Drug abuse and dependence

Drug abuse is the use of a drug to the degree that it produces impairment in social adjustment or physical and psychological health. Moreover, drug addiction is the habitual use of drugs, with psychological and physical dependence. The psychoactive drugs those are associated with abuse and dependence, aside from alcohol, such as, (a) narcotics-opium and its derivatives; (b) sedatives-barbiturates; (c) stimulants-cocaine and amphetamines; (d) antianxiety drugs-meprobamates; and (e) hallucinogens-LSD and related drugs, appear to be addictive. Drug abuse and dependence may occur at any age but adolescence and young adulthood are most common age-groups in various countries. Clinical features vary, depending on the type, amount, and length of time of drug usage, the physiological and psychological make up of the individual and social setting, in which, the drug experience attained.
Some of the drugs that are more commonly associated with abuse and dependence:

Opium and its derivatives (narcotics). Opium and its derivatives are in use for over 5000 years. Galen mentioned several conditions, in that, theriaca,  whose principal ingredient was opium, to be a veritable panacea. Opium contains eighteen alkaloids, alkaloid if present in the largest amount, 10 to 15 percent, proved to be a powerful sedative and pain reliever; it was named morphine. Thereafter, it was discovered that if morphine were treated by an inexpensive and readily available chemical called acetic anhydride, it could be converted into another powerful  analgesic called heroin. It proved to be an even more dangerous drug than morphine, acting more rapidly and more intensely. It was removed from use in medical practice. Opium and its derivatives-including codeine due to Acts became a federal offense because of unauthorized sale and dispensation in U.S.A.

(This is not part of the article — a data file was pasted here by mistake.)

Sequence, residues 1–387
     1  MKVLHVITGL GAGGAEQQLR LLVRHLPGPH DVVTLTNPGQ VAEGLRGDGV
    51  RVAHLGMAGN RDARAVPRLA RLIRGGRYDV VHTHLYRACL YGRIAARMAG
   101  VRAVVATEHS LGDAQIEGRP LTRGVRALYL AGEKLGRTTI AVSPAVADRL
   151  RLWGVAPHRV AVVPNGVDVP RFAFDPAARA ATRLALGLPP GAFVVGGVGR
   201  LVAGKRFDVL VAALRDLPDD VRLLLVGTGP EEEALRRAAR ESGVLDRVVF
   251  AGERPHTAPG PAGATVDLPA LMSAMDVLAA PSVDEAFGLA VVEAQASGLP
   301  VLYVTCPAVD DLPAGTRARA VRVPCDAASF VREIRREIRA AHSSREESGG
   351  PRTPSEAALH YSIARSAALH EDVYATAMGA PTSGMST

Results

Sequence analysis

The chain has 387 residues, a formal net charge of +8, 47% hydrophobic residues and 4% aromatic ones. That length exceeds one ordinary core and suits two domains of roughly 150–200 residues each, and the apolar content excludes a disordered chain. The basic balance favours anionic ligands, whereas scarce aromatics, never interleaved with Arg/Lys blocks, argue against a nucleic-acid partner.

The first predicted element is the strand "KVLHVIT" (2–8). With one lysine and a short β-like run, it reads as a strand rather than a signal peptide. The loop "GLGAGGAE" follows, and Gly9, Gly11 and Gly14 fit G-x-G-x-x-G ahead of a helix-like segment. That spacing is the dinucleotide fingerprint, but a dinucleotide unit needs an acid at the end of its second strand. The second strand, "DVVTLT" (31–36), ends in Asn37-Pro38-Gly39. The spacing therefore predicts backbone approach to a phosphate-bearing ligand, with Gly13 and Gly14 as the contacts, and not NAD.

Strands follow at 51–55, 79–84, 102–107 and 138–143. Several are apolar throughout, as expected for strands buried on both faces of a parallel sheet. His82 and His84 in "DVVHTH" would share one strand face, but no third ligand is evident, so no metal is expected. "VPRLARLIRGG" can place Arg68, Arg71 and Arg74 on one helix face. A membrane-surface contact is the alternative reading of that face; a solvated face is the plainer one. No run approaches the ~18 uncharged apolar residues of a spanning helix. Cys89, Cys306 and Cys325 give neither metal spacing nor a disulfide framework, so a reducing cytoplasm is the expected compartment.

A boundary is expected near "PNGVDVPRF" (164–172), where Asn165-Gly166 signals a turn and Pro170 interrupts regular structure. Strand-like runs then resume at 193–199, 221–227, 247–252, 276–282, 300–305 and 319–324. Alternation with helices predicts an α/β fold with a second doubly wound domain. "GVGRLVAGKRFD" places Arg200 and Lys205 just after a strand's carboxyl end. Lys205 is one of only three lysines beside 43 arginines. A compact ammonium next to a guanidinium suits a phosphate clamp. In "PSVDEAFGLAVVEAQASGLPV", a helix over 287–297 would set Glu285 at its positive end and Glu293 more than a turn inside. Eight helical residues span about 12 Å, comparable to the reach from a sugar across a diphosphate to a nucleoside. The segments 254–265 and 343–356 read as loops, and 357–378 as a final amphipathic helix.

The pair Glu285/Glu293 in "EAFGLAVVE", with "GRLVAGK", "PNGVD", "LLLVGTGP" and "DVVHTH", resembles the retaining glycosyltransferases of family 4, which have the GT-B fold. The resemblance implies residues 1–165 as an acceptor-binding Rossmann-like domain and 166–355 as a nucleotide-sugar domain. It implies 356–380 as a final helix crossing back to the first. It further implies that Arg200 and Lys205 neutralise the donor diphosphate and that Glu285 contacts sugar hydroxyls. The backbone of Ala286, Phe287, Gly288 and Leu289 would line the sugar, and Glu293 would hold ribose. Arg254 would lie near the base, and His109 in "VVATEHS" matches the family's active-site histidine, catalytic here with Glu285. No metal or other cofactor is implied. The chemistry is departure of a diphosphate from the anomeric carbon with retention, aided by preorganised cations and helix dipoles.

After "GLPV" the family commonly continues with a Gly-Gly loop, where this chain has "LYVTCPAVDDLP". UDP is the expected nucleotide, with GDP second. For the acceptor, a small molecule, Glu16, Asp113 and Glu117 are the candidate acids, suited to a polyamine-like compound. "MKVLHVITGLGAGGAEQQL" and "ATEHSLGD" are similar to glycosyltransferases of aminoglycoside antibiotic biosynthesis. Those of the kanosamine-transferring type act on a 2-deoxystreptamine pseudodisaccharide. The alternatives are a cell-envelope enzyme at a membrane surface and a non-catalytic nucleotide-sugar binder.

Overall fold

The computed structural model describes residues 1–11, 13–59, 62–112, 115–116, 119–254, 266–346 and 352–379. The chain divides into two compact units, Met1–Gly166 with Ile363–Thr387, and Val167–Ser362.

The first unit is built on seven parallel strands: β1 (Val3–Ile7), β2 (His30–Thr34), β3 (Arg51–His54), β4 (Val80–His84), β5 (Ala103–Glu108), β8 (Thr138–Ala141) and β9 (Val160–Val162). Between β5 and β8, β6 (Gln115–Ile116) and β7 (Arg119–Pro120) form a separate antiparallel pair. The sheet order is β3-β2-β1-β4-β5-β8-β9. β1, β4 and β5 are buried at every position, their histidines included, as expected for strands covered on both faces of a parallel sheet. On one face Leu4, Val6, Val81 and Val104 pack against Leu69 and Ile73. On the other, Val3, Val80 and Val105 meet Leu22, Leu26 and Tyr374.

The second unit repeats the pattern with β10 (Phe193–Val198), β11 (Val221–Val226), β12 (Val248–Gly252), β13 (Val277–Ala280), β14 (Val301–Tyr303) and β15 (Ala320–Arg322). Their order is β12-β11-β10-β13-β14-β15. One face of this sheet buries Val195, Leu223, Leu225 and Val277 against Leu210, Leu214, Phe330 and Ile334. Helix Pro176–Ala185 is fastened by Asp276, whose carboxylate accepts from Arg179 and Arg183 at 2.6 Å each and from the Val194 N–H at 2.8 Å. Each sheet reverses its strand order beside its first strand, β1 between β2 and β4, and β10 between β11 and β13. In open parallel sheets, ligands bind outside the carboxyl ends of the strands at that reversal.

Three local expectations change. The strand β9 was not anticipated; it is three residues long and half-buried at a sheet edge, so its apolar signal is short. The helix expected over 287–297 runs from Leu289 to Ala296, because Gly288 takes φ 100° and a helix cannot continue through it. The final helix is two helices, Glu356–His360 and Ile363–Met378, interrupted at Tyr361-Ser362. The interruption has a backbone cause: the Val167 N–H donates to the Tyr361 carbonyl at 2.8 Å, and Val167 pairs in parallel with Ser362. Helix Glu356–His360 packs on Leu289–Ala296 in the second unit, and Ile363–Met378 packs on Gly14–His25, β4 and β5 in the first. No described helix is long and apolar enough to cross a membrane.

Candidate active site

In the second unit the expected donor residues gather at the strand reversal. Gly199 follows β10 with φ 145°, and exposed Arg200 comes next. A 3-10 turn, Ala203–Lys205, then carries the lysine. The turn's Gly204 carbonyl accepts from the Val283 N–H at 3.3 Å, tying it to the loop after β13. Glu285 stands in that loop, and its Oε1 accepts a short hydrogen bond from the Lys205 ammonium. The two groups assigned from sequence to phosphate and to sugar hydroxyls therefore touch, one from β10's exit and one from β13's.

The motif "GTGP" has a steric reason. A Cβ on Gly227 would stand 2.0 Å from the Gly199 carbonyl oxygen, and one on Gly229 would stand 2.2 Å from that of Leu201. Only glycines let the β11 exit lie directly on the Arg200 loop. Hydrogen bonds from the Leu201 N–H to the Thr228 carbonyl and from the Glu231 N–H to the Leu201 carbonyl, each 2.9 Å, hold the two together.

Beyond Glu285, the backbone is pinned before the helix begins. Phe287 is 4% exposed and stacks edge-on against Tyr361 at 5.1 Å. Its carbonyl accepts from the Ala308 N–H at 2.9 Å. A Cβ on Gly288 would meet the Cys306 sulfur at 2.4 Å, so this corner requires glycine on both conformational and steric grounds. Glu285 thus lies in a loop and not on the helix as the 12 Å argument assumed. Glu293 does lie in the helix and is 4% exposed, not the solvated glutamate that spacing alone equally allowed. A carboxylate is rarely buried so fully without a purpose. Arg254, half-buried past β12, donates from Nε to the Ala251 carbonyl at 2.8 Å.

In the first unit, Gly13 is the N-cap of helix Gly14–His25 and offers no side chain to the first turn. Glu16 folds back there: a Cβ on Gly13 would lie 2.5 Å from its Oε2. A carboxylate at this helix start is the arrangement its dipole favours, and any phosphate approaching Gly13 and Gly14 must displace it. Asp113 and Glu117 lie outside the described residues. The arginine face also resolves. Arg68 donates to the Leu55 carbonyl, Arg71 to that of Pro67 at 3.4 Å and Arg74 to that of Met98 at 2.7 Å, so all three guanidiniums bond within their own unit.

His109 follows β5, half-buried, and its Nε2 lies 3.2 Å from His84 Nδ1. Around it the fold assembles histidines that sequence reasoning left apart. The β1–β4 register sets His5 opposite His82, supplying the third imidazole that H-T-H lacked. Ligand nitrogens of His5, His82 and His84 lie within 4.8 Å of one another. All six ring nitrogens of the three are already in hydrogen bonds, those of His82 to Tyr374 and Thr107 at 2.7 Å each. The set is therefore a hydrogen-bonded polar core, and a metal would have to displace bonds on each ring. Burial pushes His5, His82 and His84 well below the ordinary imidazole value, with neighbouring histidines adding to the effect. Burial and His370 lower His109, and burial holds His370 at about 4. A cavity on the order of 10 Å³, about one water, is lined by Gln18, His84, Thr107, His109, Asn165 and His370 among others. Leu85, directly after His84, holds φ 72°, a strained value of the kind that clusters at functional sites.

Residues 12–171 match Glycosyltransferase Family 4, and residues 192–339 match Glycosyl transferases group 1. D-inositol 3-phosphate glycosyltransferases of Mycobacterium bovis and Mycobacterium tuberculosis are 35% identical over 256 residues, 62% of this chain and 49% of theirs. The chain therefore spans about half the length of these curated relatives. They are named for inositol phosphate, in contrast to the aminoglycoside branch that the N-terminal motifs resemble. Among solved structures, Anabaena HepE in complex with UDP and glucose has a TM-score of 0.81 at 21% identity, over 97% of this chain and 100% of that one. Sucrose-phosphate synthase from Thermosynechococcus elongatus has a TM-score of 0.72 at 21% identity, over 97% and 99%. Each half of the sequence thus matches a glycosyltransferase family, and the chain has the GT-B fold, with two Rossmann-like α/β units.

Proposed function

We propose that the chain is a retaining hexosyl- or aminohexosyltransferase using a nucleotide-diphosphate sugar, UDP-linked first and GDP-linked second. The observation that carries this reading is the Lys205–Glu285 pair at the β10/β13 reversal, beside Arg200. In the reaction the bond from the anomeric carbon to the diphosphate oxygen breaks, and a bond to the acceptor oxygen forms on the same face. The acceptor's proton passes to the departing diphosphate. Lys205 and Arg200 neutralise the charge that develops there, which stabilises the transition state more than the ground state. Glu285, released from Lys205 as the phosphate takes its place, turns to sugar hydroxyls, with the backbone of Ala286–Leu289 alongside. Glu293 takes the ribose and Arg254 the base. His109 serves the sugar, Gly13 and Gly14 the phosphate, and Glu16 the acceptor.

Effects of morphine and heroin. The euphoric spasm ( the rush ) lasting sixty seconds due to immediate effects of heroin, sometimes, compared to orgasm followed by a “high” , in which, pleasant feelings of relaxation, euphoria, and reverie tend to dominate. The use of opium derivatives results in a physiological craving for the drug. Larger amounts are needed to achieve the desired effects. Withdrawal symptoms in opiate addict start after eight hours. Withdrawal from heroin is not always dangerous or even very painful. In some instances, it is agonizing and perilous. Withdrawal symptoms decline by the third or fourth day, and by the seventh or eighth day disappear. Wester Meyer concludes that, in South-east Asia, long-term opium use has very clear dangers in terms of one’s health and the social and economic deprivation it can bring to the entire family of the user. On the other hand, narcotics users with financial means may maintain their drug dependence over many years without any complication or resorting to criminal behaviour.